Casey Cavell has plenty of party stories: he dropped out of college to become a professional poker player, tried his hand (successfully) at buying self-storage facilities and apartment complexes, and eventually found his way to the business of baseball.
More specifically, a franchised baseball academy for 5-10 year olds that he grew to five locations.
Cavell essentially managed two exits from his D-BAT Academy franchises, first selling 66% of the business at a value of $1.5 million and then unloading his remaining equity at a $10 million valuation.
On Built to Sell Radio this week, Cavell walks us through the lessons he learned from his successes and failures that led to his eventual exit, including:
The benefits of franchising and purchasing established facilities
How to weigh the risks of signing a personal guarantee on a lease
Identifying and conquering self-limiting beliefs
How (and why) to hire a COO
Cavell’s counterintuitive strategy to find and keep top talent
How to avoid burnout from wearing too many hats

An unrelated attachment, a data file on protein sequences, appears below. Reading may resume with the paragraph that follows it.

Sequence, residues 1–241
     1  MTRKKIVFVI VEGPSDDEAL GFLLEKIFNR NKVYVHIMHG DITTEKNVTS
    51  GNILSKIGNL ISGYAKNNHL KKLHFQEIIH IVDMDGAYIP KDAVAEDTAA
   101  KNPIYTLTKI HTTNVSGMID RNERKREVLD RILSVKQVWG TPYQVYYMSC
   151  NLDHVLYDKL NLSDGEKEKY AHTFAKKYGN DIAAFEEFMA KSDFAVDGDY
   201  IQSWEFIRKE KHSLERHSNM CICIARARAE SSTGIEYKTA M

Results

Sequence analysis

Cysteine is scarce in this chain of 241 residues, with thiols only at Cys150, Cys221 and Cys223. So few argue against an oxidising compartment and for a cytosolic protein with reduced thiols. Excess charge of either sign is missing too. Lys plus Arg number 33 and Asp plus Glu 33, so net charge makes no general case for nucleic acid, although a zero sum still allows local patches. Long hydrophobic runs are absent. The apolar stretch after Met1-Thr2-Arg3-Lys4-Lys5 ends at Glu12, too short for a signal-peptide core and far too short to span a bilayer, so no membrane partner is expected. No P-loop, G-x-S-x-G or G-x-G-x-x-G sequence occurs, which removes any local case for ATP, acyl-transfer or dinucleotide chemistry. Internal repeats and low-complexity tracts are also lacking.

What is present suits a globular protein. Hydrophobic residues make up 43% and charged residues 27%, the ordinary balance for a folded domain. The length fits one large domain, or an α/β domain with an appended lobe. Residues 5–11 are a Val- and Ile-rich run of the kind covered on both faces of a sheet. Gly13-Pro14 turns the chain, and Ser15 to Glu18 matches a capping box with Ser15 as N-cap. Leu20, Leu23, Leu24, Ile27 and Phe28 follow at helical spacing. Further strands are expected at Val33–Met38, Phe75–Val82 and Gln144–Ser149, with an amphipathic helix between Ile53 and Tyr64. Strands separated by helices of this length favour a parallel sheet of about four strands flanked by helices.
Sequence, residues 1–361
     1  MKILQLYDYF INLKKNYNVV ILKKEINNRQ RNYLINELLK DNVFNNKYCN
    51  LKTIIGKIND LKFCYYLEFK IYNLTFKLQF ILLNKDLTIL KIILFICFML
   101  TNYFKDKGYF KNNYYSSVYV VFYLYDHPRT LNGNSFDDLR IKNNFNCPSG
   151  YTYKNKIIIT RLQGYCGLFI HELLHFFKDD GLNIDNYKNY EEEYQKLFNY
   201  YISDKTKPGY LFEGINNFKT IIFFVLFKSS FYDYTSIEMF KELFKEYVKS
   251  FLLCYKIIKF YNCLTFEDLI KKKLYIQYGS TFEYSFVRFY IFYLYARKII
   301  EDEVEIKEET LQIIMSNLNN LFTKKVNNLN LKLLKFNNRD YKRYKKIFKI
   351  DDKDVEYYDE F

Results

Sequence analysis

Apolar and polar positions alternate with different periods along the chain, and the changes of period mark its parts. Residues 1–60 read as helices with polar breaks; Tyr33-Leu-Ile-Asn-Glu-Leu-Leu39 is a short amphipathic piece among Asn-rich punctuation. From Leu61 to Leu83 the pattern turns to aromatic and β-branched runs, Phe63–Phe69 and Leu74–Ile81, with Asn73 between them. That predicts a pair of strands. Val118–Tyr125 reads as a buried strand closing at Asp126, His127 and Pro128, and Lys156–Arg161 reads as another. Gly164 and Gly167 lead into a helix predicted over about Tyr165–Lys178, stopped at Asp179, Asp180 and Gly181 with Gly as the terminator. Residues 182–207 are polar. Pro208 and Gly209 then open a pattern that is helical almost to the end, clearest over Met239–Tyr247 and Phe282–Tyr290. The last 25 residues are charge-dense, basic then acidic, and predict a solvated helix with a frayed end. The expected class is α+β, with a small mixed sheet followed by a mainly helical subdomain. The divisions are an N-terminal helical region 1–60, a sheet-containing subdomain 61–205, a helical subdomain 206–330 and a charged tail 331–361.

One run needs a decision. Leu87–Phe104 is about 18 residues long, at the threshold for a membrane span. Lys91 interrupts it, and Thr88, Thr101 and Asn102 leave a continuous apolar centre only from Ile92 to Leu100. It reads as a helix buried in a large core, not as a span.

Finding a balance between Visionaries and Operators
A recommended psychometric assessment to help you build a winning team
Redefining your identity post-exit
More About Casey Cavell
Over the past two decades, Casey founded, acquired, or invested in over twenty small businesses, amassing a $40,000,000 portfolio from a mere $9,000 investment.
Initially, Casey’s sheer determination and strong work ethic drove the business, leading to burnout. Casey was constantly on the frontlines, maintaining a facade of well-being.
Eventually, Casey discovered a method to build businesses that didn’t depend solely on him. After implementing this strategy across his companies, Casey stepped back from daily operations.
Consequently, the businesses thrived even more in his absence, granting Casey the freedom to pursue what truly mattered.
Letter of Intent (LOI): A letter of intent (LOI) is a document declaring the preliminary commitment of one party to do business with another. The letter outlines the chief terms of a prospective deal. Commonly used in major business transactions, LOIs are similar in content to term sheets. One major difference between the two, though, is that LOIs are presented in letter formats, while term sheets are listicles in nature. Source.
Earn-out: Earnout or earn-out refers to a pricing structure in mergers and acquisitions where the sellers must “earn” part of the purchase price based on the performance of the business following the acquisition. Source.
Due Diligence: Due diligence is an investigation, audit, or review performed to confirm facts or details of a matter under consideration. In the financial world, due diligence requires an examination of financial records before entering into a proposed transaction with another party. Source.